Deborah Rodriguez: ‘The Kabul Beauty School’

I love the ‘Coffee Shop’ books by Deborah Rodriguez, and ‘Kabul Beauty School’ has been sat on my shelf a shameful amount of time. It’s insightful, it’s funny and it’s heartbreaking, but what a wonderful way to get to know one of the perceived most dangerous areas in the world. I would never have associated Afghanistan with the need for manicures, but what Rodriguez shows you in sparkling style is how even the humble haircut can change a life for the better in the most troubled of times. She doesn’t deny the harsh realities of living in a war zone, but this is complemented with the rays of sunshine poking through the clouds. It’s a gem and an enlightening experience.

Ben Elton: ‘Blind Faith’71rxq3s2bccl

I LOVE Ben Elton; his writing is never overly-intellectualised or complicated, but it is so incredibly precise in aiming its satire right at you and making you reevaluate your entire life that it feels like I’ve been stripped and judged to my very soul. ‘Blind Faith’ is no exception: I genuinely can’t take the world seriously any more. I can’t see an ill-fitting outfit without thinking of the citizens in the book defending their right to flash everything. I can’t go on social media without reflecting on the absurdity of communitainment advice. And when the royal baby name came out? I couldn’t help but wonder if Archie Happymeal might be on the cards. Read this for a real examination of our cultural values, delivered so obviously yet subtly; it’s a masterclass in exposing people without them realising it, and Elton is certainly a magician in revealing what was there all along.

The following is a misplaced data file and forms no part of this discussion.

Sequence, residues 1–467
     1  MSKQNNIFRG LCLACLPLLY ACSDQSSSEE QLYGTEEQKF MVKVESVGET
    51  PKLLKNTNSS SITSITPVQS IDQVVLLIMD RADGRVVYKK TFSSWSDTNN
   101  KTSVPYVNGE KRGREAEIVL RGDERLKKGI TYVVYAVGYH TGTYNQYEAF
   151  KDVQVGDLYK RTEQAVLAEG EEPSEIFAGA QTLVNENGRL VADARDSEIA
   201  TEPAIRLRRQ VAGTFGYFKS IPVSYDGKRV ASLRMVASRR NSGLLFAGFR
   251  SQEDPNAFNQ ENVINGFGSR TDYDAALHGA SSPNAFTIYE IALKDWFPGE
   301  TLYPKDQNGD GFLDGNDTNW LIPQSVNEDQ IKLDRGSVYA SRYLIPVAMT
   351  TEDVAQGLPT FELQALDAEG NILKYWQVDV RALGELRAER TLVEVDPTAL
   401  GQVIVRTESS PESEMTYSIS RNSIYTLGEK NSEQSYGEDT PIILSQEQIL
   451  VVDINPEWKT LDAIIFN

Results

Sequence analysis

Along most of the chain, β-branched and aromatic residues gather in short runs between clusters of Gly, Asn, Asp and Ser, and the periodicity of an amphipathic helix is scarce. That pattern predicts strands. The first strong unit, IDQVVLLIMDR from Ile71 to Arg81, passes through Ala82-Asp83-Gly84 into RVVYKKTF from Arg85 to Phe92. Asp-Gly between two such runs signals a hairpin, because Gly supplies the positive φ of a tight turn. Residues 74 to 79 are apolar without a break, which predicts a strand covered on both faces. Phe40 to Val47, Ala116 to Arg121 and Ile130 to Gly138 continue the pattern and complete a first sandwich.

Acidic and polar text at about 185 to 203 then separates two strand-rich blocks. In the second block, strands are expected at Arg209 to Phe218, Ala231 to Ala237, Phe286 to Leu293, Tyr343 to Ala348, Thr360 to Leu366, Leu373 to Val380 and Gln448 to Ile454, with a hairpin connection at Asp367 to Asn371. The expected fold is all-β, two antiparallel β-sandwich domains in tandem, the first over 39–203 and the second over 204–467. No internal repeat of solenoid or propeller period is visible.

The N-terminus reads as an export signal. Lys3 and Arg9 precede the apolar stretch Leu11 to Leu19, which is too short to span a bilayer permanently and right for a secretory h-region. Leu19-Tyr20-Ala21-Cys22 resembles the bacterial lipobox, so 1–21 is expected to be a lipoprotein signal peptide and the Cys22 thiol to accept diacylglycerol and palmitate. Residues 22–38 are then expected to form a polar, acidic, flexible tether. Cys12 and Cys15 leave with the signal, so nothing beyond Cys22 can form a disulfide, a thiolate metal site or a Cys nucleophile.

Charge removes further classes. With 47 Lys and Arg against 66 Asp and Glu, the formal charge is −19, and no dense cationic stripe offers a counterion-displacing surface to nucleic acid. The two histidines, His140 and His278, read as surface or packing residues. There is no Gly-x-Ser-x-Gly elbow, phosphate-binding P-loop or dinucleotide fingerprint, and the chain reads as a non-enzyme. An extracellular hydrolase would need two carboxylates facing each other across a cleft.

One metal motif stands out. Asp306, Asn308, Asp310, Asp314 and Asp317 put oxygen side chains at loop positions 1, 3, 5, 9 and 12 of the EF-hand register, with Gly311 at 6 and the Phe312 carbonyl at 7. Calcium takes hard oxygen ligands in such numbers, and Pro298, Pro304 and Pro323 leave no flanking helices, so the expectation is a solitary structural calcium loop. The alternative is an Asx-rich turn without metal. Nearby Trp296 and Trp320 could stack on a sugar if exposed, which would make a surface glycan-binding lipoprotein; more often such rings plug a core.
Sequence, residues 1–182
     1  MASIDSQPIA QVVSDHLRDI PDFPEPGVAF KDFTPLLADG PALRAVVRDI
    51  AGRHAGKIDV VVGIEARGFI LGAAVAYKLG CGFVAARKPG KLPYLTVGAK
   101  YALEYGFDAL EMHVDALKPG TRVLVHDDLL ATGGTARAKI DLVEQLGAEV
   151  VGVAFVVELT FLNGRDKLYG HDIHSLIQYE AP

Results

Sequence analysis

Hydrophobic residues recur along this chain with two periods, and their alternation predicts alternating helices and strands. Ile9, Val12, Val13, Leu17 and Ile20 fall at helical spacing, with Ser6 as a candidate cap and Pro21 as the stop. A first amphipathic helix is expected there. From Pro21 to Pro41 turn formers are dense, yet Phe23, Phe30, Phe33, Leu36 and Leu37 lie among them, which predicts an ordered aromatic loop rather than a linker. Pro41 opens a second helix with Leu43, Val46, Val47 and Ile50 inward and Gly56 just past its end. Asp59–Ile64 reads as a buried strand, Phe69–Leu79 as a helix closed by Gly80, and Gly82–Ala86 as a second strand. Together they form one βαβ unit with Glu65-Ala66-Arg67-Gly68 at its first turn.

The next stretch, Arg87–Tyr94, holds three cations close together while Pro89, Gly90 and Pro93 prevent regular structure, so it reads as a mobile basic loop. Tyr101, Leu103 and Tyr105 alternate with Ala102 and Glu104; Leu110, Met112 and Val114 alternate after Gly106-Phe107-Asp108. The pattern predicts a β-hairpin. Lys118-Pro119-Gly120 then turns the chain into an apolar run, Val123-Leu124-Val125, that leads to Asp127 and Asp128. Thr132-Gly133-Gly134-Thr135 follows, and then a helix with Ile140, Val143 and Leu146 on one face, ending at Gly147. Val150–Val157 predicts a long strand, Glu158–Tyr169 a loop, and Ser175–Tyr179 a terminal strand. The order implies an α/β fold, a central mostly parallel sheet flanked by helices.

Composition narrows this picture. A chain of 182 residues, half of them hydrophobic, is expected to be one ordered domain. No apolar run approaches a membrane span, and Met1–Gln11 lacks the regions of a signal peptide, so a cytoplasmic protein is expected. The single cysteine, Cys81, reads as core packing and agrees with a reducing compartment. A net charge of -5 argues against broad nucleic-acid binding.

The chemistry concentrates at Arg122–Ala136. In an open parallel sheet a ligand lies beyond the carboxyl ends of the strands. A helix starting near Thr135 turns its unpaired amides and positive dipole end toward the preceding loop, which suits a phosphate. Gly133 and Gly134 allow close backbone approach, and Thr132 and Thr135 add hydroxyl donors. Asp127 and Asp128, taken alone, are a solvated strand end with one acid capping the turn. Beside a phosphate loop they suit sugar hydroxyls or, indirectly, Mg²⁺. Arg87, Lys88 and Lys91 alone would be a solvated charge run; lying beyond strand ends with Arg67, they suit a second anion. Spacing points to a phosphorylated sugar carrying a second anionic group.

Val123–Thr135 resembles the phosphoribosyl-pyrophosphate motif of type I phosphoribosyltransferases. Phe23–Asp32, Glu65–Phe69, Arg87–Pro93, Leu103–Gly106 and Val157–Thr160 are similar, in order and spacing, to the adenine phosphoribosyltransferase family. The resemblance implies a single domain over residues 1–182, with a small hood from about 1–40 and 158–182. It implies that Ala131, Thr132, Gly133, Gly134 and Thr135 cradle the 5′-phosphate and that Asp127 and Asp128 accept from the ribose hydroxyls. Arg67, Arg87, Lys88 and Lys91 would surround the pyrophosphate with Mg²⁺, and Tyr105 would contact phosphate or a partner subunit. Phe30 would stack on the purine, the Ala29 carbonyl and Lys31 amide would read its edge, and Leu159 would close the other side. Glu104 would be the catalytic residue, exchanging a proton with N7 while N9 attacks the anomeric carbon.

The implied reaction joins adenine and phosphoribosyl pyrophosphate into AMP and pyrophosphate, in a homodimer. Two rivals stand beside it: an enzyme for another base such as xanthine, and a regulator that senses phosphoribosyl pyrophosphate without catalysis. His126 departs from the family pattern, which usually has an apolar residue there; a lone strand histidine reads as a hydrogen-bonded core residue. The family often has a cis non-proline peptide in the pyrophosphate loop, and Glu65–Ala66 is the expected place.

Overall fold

Elizabeth Gilbert: ‘Eat, Pray, Love’

Another one sat on the shelf for longer than it should have been, this wasn’t overly complex but it was thoughtful and written so as to make you reassess your life without preaching at you, which is a dandy old combination for me! It’s a treasure trove of wonderful sayings, quotes and mantras designed to help enrich your life and put a smile on your face; I challenge anyone not to come away without some form of gentle resolve for their everyday existence.